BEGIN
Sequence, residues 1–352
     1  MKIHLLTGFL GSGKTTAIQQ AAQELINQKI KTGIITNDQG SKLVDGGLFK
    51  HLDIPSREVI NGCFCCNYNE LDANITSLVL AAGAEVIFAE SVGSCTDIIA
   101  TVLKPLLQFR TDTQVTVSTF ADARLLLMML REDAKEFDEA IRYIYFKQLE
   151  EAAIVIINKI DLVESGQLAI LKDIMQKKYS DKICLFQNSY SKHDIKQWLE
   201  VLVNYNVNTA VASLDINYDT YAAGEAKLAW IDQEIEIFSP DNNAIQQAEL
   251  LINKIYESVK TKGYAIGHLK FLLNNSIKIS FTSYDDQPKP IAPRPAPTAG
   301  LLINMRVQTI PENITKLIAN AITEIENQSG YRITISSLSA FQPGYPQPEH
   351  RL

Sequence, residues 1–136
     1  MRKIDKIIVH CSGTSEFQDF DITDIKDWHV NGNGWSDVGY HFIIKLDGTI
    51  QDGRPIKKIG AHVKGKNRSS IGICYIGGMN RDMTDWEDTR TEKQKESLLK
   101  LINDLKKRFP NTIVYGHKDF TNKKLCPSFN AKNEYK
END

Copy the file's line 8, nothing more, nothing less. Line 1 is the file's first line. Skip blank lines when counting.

   301  LLINMRVQTI PENITKLIAN AITEIENQSG YRITISSLSA FQPGYPQPEH